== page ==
Morality, Mortality: Volume II: Rights, Duties, and Status
David Bourget (Western Ontario)
David Chalmers (ANU, NYU)
Rafael De Clercq
Jack Alan Reynolds
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OUP USA (1996)
Continuing the examination of life and death that F.M. Kamm began in Morality, Mortality, Volume I, this second volume begins with a discussion of the questions of the moral (in)equivalence of killing and letting die, harming and not aiding, intending and foreseeing harm, and also focuses on the methodology used in analysing these questions. This discussion includes consideration of such problems as the effect of contextual interaction, agent regret, and conflicting measures of the relative stringency of acts. Part II offers an examination of the so-called Survival Lottery and Trolley Problem, and some other closely related dilemmatic situations, for the purpose of developing a principled account of when harming some to save others is permissable and impermissable. Part III is concerned with the further examination of the relation between restrictions on conduct and prerogatives not to make sacrifices, and the contrast between a victim-focused and agent-relative account of rights. Kamm attempts to find the relation between these topics and both the existence of entities with significant status and the existence of valuable states of affairs, forging a link between deontological and consequentialist theories.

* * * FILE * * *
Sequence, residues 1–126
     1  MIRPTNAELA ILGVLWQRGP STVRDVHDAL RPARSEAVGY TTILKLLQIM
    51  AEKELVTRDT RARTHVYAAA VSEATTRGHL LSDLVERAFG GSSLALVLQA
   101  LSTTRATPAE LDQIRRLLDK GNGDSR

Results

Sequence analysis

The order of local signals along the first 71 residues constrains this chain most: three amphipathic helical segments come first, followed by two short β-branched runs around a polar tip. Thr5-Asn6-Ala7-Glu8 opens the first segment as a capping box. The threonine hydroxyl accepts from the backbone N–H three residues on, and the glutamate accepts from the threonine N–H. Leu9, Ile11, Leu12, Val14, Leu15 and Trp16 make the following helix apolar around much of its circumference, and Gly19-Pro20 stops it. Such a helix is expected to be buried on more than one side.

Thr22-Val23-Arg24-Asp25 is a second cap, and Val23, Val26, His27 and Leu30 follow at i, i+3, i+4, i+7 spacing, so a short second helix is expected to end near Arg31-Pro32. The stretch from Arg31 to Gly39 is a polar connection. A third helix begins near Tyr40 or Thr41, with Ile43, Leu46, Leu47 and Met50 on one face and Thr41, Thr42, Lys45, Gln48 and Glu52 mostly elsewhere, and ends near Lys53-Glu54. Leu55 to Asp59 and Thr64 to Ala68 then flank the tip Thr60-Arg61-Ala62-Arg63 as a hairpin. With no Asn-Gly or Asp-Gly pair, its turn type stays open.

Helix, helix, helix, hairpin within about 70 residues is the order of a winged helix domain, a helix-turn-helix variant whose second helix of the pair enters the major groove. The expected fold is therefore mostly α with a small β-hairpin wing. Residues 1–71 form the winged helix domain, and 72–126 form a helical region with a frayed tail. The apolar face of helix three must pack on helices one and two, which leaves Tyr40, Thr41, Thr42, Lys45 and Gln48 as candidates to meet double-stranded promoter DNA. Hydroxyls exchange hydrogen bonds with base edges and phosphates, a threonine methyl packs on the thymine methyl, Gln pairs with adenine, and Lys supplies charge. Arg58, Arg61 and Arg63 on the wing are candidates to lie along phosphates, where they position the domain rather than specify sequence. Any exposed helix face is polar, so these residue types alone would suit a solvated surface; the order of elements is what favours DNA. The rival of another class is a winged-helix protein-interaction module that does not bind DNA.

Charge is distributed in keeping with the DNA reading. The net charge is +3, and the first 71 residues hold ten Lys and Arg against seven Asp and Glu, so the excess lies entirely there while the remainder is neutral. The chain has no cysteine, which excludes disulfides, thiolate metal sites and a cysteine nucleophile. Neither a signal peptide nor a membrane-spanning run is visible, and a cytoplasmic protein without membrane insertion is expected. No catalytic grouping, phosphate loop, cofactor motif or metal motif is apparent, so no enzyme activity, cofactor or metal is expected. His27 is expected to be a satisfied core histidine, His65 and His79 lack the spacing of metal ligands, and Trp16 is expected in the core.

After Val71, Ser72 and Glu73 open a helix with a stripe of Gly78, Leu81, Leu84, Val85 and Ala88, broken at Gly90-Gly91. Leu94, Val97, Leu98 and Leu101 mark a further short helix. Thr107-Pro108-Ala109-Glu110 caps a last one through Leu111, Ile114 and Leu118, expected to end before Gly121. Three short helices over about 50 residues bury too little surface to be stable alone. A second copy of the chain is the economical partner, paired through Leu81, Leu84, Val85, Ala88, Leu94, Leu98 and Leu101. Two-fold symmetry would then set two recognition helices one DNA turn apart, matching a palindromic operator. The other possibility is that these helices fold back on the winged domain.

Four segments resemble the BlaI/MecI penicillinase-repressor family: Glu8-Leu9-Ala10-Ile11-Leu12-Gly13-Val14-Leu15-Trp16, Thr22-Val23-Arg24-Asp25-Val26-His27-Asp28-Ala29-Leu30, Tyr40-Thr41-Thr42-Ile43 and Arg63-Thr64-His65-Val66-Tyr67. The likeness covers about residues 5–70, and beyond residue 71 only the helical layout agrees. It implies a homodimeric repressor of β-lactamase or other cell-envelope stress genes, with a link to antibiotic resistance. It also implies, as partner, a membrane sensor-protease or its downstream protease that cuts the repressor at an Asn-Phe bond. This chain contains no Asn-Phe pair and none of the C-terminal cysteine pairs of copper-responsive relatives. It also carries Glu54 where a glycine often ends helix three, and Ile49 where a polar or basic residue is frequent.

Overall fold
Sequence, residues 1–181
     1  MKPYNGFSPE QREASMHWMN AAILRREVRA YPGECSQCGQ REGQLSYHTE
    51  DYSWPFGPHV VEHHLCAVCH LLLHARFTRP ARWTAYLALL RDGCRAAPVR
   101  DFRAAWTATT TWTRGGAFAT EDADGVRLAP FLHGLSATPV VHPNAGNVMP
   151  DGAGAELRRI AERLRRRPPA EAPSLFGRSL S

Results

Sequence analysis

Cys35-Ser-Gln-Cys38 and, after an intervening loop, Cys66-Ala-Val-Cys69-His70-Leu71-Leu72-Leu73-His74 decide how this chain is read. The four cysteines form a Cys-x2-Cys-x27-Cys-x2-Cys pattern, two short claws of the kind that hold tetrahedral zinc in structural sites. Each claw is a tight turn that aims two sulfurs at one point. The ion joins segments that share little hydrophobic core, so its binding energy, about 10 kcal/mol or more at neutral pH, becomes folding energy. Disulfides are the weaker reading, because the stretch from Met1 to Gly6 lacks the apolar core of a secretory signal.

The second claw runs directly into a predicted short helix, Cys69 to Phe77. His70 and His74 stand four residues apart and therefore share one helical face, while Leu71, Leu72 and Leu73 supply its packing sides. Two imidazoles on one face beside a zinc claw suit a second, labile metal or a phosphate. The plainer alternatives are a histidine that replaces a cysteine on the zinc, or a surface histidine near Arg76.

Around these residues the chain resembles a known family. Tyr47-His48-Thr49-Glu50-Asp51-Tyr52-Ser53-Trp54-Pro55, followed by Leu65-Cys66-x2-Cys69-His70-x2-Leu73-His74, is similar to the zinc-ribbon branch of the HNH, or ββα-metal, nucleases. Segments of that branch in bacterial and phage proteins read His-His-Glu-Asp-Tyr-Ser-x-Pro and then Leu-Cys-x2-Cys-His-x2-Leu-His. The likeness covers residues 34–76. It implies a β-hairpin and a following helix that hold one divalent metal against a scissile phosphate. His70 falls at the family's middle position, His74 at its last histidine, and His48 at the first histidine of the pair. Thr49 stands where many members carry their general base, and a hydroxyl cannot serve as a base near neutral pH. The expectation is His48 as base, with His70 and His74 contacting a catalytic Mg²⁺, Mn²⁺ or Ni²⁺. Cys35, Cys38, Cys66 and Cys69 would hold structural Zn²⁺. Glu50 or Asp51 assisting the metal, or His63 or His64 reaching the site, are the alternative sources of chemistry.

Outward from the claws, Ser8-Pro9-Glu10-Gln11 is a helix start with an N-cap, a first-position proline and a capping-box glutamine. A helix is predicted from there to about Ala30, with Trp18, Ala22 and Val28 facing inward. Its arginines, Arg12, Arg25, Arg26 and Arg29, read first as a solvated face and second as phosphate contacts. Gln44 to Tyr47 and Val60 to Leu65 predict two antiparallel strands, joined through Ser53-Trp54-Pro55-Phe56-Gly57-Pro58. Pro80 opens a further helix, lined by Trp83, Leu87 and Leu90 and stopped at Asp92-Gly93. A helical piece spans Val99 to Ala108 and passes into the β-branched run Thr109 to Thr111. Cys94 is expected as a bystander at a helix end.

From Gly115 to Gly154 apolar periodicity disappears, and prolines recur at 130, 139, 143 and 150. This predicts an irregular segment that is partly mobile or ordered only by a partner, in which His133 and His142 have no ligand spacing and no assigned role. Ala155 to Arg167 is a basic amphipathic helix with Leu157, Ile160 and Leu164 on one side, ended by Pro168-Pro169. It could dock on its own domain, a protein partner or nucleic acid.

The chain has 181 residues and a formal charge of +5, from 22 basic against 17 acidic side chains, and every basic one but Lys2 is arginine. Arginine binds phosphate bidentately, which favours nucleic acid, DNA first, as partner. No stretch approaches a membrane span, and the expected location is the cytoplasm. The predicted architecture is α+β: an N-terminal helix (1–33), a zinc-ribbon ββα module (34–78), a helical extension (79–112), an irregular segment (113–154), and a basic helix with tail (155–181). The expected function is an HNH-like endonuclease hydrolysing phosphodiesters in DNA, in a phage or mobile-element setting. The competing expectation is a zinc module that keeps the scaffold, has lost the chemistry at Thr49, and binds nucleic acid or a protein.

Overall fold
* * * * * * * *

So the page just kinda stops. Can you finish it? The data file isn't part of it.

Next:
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William J. Fitzpatrick (2006). The Intend/Foresee Distinction and the Problem of “Closeness”. Philosophical Studies 128 (3):585 - 617.
Re'em Segev (2010). Hierarchical Consequentialism. Utilitas 22 (3):309-330.
François Tanguay-Renaud (2010). Understanding Criminal Law Through the Lens of Reason. Res Publica 16 (1):89-98.
David Alm (2008). Deontological Restrictions and the Self/Other Asymmetry. Noûs 42 (4):642-672.
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